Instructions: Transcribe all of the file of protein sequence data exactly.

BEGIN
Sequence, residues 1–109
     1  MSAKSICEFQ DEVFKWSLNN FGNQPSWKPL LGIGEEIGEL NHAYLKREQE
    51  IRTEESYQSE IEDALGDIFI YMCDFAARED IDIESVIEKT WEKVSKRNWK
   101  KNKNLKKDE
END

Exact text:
Sequence, residues 1–109
     1  MSAKSICEFQ DEVFKWSLNN FGNQPSWKPL LGIGEEIGEL NHAYLKREQE
    51  IRTEESYQSE IEDALGDIFI YMCDFAARED IDIESVIEKT WEKVSKRNWK
   101  KNKNLKKDE